500 mg p.o., q. 6 hr, to 1-2 million units I.V. q. 4 hr, depending on severity of infection


Traditional drug of choice


150-300 mg p.o., q. 6 hr, to 600 mg I.V. q. 8 hr, depending on severity of infection


May be superior to penicillin


500 mg p.o., q. 8 hr, to 500 mg I.V. q. 6 hr, depending on severity of infection


Excellent alternative


1-2 g ampicillin + 0.5-1 g sulbactam I.V. q. 6 hr

Alternative useful in hospitalized patients


0.5-1 g I.V. q. 6-8 hr

Alternative useful in hospitalized patients


1 g I.V. q. 8 hr

Alternative useful in hospitalized patients



400 mg p.o. or I.V. q. 24 hr


Excellent for community-acquired pneumonias but less active against oral anaerobes than penicillin, clindamycin, and metronidazole


400 mg p.o. or I.V. q. 24 hr



500 mg p.o. or I.V. q. 24 hr


*See text for details.

+For details, Chemotherapy of Infection (especially Tables 3 and 4).

-Costs are derived from online pharmaceutical sources and are intended to indicate relative costs of available therapies.

Hospital-Acquired Pneumonia

Because gram-negative bacilli and S. aureus cause many noso-comial pneumonias, patients with hospital-acquired pneumonias require broad antimicrobial coverage until the results of Gram stains, cultures, and sensitivity tests permit focused therapy. Options for the initial treatment of hospital-acquired pneumonia include ticarcillin-clavulanate or piperacillin-tazobactam; meropenem or imipenem-cilastatin; a third-generation cephalo-sporin plus nafcillin or vancomycin; a first-generation cephalo-sporin plus an aminoglycoside; or vancomycin plus an amino-glycoside. The prevalence of resistant bacteria in a particular hospital or patient care unit should help guide the initial therapy; for example, if methicillin-resistant staphylococci are common, vancomycin is a desirable component of the initial therapy, and when multidrug-resistant Klebsiella organisms are common, meropenem or imipenem-cilastatin should be considered. Linezolid is an effective alternative to vancomycin for the treatment of nosocomial pneumonia caused by methicillin-resistant gram-positive cocci. Patients with ventilator-associated nosoco-mial pneumonia may respond as well to 8 days of antibiotics as to 15 days of therapy.59 Because of the high mortality associated with pneumonias in the ICU, strategies to prevent them have been studied,60 and comprehensive guidelines are available.61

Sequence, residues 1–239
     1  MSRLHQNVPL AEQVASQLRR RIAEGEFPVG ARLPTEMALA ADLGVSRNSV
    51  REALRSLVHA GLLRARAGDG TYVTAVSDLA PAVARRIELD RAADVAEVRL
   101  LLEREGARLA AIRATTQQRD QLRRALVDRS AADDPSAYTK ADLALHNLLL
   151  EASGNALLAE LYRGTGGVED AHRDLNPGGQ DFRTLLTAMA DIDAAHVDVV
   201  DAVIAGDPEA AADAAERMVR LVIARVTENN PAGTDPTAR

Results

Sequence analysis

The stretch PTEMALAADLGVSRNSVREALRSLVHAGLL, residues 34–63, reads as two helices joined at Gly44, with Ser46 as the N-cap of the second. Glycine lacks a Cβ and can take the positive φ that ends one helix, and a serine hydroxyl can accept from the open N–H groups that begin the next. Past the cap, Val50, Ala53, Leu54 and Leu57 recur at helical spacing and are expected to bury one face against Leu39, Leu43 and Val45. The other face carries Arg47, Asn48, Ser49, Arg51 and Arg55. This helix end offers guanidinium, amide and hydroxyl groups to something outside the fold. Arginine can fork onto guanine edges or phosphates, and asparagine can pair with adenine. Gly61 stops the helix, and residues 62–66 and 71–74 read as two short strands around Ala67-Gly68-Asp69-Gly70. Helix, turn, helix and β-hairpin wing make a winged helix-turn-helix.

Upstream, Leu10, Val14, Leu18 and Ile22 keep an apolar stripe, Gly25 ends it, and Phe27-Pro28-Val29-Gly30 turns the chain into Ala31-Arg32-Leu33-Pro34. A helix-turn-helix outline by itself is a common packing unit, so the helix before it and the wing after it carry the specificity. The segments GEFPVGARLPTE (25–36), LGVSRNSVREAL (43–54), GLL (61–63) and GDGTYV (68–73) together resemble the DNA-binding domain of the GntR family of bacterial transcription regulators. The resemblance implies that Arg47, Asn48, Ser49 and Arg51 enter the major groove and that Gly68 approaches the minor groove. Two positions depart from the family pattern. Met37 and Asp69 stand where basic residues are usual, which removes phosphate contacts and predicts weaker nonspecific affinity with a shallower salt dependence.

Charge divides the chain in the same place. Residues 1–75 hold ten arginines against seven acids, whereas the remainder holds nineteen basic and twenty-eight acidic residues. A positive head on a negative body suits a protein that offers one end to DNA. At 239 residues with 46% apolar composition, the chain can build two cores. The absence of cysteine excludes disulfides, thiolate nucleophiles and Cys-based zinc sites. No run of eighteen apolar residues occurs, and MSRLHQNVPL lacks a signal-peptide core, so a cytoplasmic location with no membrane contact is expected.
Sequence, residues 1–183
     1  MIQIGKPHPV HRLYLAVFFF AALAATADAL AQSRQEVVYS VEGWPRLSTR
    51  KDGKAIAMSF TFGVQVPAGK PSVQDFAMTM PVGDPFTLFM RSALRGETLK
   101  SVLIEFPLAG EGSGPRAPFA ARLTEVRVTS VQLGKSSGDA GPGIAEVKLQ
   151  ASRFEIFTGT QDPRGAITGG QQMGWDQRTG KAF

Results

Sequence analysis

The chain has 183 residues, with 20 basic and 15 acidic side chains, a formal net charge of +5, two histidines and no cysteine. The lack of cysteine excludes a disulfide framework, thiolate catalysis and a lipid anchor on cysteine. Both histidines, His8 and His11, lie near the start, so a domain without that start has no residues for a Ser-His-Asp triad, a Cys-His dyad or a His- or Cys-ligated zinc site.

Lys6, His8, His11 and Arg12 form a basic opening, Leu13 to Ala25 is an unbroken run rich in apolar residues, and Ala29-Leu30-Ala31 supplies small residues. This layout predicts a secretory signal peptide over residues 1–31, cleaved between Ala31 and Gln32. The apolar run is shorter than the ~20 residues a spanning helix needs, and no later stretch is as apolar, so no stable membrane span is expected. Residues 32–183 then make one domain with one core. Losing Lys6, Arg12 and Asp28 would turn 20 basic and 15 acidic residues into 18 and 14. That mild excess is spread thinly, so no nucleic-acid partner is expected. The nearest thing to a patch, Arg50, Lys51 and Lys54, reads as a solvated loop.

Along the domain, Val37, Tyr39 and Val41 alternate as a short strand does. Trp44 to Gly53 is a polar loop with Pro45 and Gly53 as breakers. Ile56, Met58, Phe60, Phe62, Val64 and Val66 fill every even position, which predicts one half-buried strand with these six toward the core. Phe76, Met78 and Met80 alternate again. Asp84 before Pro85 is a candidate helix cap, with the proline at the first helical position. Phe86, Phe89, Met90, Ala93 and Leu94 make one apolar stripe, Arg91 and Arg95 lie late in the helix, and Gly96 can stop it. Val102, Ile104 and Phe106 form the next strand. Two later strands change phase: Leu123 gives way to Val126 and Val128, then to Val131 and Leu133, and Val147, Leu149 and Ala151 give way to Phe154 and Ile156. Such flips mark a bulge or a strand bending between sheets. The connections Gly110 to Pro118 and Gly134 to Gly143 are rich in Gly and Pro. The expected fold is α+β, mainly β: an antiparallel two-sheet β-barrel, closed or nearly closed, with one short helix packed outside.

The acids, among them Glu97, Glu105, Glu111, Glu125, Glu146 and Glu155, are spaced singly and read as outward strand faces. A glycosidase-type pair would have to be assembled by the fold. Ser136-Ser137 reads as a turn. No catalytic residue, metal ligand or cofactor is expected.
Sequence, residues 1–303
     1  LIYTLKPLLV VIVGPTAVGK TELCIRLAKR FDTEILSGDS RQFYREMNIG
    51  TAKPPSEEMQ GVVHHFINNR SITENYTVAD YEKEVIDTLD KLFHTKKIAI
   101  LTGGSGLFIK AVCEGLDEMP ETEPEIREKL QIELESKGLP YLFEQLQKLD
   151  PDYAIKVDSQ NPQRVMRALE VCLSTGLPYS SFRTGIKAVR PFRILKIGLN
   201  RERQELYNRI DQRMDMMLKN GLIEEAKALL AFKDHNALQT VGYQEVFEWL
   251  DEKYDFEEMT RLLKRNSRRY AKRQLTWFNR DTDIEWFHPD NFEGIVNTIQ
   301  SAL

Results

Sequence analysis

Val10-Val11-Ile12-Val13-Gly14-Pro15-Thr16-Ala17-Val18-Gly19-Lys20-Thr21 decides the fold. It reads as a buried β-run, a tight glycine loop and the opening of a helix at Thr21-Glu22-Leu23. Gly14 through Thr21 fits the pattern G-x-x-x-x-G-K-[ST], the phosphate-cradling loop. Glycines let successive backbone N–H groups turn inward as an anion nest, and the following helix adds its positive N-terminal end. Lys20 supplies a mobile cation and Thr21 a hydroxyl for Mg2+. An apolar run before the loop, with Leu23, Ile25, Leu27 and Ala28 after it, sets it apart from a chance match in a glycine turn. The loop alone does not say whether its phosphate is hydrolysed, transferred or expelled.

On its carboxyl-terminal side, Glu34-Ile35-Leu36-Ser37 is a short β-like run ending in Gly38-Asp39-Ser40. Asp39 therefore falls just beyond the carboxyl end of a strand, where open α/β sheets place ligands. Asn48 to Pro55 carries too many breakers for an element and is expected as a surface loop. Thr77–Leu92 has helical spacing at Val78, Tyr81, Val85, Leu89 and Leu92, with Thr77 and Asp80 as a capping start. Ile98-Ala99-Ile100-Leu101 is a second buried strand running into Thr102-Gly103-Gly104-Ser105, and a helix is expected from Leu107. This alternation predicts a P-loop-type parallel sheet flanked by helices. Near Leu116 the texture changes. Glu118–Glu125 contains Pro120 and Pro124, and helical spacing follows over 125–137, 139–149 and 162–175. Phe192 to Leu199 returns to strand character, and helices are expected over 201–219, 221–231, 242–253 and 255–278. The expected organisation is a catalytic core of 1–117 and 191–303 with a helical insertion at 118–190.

Infections Caused by Legionella Species

Legionnaires disease

Epidemiology and Etiology

Since it was first identified in 1976, Legionnaires disease has become recognized as a common cause of both community-acquired and hospital-acquired pneumonias. Worldwide, it accounts for between 2% and 15% of all community-acquired pneumonias severe enough to require hospitalization.62 It is estimated that 10,000 to 25,000 cases occur in the United States each year, but only 1,200 to 1,500 are reported annually.63 Legionnaires disease is caused by L. pneumophila, a fastidious, filamentous, flagellated, aerobic gram-negative bacillus. The organism can be grown on charcoal-yeast extract agar; optimal growth occurs at 35° C in 5% carbon dioxide, but growth is slow, and a period of 3 to 6 days is required for colonies to form.

At least nine serogroups of L. pneumophila exist; most clinical isolates belong to serogroup 1. By special staining techniques, large numbers of the organism can be identified in tissue sections of alveoli, both within macrophages and extracellularly. Virulence factors of L. pneumophila and various extracellular enzymes that the organism secretes have been identified. L. pneu-mophila is able to survive intracellularly in host leukocytes. Antibody is not protective, but cell-mediated immunity does promote recovery and prevent reinfection.

In nature, L. pneumophila survives principally in water and, to a lesser extent, in soil. Human disease is acquired primarily by inhalation of aerosols contaminated with organisms; person-to-person transmission has not been documented. Contaminated water systems have been responsible for both community-acquired and hospital-acquired outbreaks [see 7:X Infections Due to Haemophilus, Moraxella, Legionella, Bordetella, and Pseudomonas].

The attack rate for Legionnaires disease appears to be higher in elderly persons and persons with underlying conditions such as COPD, neoplastic disease, organ transplants, and renal failure. Although L. pneumophila is a relatively uncommon pathogen in persons infected with HIV, it can cause severe disease in them.